On a recent trip to Germany, my dear friend, Jenny, took me to see her old university. I was staying in Münster, the capital of the North Rhine-Westphalia state of Germany, in the northwest, and the day trip to Nordkirchen sounded like an excellent idea.
Nordkirchen is a tiny town located in the Coesfeld district of North Rhine-Westphalia, and it is about an hour to an hour and a half away from Münster by bus. Schloss Nordkirchen is the palatial castle that is at the heart of the town. Built in a Baroque architectural style between 1703 and 1734, the castle was constructed to be a residence for a family of a prince-bishop from Westphalia; Prince Bishop Friedrich Christian von Plettenberg started the construction, and his nephew, Prime Minister Ferdinand von Plettenberg, completed it. Today the local government owns the lands of the castle, and now the grounds and buildings are the home to the Fachhochschule für Finanzen Nordrhein-Westfalen (the College of Finance of North Rhine-Westphalia).
The castle and its grounds exude this idyllic beauty of the German countryside. As I was there during the middle of a “school day” as class was in session, Jenny and I had the grounds practically to ourselves. When you first enter the premises, you walk along a path under trees that have bent over the trail in a symmetrical fashion, almost as if you are royalty and they are alive and bowing as you head towards the castle ahead. It’s fantastic, and I felt as though I might be hiking through forests similar to ones which characters from the Brothers Grimm had.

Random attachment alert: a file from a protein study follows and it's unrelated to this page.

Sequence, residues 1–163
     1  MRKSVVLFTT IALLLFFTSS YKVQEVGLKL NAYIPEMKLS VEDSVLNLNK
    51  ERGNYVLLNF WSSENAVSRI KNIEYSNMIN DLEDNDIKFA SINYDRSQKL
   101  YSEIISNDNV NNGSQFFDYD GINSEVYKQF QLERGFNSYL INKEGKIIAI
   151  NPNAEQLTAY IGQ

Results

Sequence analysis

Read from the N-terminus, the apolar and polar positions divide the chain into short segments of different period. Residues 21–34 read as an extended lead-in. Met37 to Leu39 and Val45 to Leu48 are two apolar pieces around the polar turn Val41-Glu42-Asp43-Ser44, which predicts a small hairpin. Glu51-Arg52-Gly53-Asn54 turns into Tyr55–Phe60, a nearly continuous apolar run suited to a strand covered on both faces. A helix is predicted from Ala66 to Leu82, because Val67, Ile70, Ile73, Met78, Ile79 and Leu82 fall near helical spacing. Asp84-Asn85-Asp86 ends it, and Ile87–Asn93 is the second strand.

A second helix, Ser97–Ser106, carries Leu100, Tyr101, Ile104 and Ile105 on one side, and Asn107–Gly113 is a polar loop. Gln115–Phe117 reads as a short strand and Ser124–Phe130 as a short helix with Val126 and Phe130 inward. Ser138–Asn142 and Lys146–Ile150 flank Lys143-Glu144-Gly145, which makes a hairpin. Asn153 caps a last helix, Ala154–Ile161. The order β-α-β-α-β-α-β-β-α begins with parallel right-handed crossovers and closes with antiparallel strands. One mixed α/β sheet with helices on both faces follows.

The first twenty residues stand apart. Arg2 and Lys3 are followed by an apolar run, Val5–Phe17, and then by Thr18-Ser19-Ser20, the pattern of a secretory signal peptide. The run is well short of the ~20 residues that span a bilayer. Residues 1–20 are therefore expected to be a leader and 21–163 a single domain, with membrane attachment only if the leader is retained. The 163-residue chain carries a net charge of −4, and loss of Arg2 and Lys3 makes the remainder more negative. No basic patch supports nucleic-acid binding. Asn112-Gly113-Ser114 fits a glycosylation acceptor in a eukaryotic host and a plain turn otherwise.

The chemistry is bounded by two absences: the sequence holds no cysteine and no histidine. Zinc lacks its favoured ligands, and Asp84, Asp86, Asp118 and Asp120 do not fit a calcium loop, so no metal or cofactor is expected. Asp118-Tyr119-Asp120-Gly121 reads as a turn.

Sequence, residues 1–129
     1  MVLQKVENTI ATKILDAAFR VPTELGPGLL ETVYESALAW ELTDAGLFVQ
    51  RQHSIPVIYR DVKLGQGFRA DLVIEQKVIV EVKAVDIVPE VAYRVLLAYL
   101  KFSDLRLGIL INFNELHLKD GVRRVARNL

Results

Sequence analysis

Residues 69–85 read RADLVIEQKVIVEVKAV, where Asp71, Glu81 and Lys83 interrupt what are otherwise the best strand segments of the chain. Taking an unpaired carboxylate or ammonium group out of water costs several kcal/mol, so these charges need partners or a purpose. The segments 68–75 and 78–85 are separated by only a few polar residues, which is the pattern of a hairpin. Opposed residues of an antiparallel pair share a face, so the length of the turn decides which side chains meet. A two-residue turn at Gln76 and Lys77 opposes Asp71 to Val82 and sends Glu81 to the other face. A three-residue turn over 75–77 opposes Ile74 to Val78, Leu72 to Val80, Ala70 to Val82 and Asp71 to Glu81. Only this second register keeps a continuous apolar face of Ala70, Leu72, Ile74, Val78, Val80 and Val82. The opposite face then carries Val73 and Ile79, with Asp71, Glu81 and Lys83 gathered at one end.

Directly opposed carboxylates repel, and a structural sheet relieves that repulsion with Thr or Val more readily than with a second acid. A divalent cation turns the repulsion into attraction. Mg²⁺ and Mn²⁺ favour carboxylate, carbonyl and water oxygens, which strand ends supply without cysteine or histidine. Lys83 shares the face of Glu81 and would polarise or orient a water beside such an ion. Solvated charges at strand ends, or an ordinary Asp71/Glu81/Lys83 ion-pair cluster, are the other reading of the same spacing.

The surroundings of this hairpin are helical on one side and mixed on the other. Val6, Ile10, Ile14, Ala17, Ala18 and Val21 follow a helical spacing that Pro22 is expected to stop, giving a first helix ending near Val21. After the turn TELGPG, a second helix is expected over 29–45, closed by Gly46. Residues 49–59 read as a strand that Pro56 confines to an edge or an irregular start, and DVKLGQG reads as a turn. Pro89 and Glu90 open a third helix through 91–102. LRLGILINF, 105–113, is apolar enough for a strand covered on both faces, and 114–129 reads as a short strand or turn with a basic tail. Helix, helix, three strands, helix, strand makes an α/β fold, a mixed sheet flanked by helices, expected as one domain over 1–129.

Continuing through this, we reached a large, round fountain, where about a dozen Chinese statues were spaced around it; the fountain was not functioning while I was there, though it didn’t detract much from its beauty. Finally we came to the edge of the moat (a real moat!), and there were several administrative buildings directly on the other side.